1) In 1996 its export sales to Europe stood at AUD 59.5 million up from AUD 25 million in 1991. (sales in 1991, and 1996 where did you that from) in P.3 - Kindly see Exhibit 4 the second line - Net Sales in Australian $ these are sales of BRL Hardy Europe Ltd. I have corrected in the text they are not exports from Australia alone.(59.5 corrected to 69.5)
2) In 1991 this company had an export sale of $31 million. Most of this was bulk production for other brands and diverse mix of bottled products that it marketed directly through distributors. (In P.2 where did you get the $31 mil): Sorry! Can't find from where I got this figure - deleted from the essay.
Christopher Carson MD of BRLH (BRLH) Europe is faced with two issues that would have a tremendous impact on the future of the company. He needs to decide on whether to a) go ahead with the proposed launch of D'istinto in the background of concerns with the ailing Mapocho and b) how to handle the two proposals for entry level Australian wine 'Kellys Revenge' or 'Banrock Station'.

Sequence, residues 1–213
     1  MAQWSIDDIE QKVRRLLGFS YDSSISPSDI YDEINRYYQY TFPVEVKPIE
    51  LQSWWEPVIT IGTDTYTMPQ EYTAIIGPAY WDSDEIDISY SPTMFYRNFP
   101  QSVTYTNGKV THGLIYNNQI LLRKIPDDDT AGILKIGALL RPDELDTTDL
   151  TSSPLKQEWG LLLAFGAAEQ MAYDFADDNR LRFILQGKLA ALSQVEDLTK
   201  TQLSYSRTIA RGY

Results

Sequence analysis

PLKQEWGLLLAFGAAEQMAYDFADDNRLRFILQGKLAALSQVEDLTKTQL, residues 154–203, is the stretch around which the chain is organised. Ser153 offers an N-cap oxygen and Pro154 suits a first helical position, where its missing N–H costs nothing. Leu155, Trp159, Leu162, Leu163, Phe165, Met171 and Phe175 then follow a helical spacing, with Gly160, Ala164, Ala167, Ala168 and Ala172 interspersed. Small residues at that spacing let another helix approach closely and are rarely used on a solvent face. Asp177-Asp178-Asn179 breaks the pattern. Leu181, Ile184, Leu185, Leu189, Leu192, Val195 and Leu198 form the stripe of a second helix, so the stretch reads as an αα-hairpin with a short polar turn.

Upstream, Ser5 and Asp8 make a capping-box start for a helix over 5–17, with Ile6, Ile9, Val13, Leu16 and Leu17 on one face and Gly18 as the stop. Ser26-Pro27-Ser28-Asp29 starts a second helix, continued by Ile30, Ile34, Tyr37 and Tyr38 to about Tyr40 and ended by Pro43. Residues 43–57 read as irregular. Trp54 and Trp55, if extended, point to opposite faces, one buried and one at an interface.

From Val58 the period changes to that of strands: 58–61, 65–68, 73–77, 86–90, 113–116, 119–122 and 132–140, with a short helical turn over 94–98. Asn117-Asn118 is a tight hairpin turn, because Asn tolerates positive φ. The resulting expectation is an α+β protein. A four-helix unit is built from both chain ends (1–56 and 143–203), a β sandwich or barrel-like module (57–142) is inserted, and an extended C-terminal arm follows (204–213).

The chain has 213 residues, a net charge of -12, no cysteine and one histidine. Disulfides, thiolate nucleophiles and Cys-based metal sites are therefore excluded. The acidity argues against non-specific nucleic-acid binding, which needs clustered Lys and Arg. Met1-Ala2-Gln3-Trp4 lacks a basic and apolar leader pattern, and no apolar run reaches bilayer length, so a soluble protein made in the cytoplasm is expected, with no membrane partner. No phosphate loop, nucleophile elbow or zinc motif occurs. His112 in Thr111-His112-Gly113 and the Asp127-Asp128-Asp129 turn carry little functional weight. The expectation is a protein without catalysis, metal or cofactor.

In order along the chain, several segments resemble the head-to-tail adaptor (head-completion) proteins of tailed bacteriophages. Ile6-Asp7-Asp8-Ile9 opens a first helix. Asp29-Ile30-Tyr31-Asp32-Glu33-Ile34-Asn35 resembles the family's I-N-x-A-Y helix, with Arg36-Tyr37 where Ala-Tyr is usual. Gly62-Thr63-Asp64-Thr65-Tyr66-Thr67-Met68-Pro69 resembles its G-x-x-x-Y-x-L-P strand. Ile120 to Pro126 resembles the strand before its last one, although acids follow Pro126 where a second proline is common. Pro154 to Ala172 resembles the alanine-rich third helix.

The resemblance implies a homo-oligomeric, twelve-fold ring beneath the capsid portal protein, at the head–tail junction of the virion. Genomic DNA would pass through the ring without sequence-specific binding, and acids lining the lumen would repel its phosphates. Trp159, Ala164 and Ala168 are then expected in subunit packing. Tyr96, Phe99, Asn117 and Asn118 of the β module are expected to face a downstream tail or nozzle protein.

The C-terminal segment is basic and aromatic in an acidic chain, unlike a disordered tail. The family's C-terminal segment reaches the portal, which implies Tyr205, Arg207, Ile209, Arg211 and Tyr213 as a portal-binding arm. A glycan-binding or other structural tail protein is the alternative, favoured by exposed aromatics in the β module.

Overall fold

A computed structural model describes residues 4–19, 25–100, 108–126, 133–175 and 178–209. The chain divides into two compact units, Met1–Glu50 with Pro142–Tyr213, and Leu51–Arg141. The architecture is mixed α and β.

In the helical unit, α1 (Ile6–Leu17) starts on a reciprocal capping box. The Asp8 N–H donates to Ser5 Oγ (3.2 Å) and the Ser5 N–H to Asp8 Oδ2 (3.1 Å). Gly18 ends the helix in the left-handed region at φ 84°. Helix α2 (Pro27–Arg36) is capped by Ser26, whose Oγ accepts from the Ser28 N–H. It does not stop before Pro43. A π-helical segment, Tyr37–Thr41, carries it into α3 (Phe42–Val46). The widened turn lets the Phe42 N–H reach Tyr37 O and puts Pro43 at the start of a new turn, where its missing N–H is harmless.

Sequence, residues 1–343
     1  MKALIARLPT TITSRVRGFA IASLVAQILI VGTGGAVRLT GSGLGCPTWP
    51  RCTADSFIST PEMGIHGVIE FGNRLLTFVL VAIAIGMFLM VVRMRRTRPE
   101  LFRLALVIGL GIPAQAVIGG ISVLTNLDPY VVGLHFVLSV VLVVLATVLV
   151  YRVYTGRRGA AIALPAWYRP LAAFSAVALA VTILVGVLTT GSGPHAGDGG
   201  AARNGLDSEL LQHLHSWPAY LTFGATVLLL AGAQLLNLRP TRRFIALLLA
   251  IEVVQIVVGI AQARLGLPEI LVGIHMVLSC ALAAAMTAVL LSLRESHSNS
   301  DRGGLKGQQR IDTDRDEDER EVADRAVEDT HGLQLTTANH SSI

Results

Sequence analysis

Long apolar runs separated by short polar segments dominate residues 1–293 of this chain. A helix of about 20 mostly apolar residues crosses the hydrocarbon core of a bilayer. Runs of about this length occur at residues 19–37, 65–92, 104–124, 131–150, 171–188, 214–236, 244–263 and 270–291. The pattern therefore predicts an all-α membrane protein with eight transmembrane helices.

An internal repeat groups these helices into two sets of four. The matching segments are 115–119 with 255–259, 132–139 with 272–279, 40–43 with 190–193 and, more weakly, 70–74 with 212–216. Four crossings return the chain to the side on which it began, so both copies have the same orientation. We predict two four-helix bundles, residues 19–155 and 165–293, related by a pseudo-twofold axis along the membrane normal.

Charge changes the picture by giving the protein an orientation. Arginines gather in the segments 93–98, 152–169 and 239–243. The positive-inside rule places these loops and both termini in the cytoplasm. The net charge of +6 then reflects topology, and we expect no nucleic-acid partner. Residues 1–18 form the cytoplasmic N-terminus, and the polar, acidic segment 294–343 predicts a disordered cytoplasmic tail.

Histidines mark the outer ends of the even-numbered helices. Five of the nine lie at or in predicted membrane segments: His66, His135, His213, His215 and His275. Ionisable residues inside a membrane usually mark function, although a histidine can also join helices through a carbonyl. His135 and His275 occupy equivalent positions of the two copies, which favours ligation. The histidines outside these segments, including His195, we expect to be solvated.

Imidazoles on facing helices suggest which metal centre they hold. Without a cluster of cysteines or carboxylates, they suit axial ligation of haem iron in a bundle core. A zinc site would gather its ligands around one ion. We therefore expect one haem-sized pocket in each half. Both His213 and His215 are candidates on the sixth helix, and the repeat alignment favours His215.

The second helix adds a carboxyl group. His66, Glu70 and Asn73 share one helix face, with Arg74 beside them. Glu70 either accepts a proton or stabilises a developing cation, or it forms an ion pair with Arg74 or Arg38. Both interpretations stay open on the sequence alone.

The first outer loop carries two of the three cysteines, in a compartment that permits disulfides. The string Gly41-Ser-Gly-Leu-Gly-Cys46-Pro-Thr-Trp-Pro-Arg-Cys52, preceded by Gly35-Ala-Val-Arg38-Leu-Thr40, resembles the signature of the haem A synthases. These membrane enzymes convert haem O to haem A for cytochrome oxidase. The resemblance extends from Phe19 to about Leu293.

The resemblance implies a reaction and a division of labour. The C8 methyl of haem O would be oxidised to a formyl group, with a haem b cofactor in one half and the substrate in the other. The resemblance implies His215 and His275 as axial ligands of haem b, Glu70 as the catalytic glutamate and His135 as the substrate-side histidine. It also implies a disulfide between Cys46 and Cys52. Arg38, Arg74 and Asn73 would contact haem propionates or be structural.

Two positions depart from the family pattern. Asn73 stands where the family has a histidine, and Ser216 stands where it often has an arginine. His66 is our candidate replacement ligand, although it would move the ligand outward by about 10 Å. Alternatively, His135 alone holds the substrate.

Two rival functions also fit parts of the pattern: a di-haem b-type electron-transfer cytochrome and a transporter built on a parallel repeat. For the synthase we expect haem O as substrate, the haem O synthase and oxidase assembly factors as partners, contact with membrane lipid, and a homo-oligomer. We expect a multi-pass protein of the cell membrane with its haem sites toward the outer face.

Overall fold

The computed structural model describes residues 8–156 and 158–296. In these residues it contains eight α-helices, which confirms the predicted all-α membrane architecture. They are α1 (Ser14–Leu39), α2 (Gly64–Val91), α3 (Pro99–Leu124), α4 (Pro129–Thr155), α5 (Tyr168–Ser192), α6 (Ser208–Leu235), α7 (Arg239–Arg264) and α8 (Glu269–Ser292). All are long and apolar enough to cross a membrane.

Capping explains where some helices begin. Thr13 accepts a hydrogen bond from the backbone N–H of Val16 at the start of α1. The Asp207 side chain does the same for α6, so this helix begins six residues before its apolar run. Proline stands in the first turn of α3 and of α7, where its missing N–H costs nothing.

Every organization has a business model, simply described as its "way of doing business" or its business concept so that it can sustain itself . In order to realize competitive advantage that is sustainable in the increasingly aggressive and changing global situation; industry has to re-invent its business model, away from the traditional, and tune it to the needs of the new century. Creation and reinvention is unlike improvement. To survive and prosper in an environment that is changing the "rules of the game" at a rapid pace, the organization has to realign strategy to create disruptive competitive advantages .
Earlier, the industrial environment was relatively stable and simple. Today business operates in a state of continuous and complex change. Hamel  has termed it as the "age of revolution" - where change is not additive, but "discontinuous, abrupt, seditious". Prahalad and Oosterveld  use the term "competitive discontinuity" to describe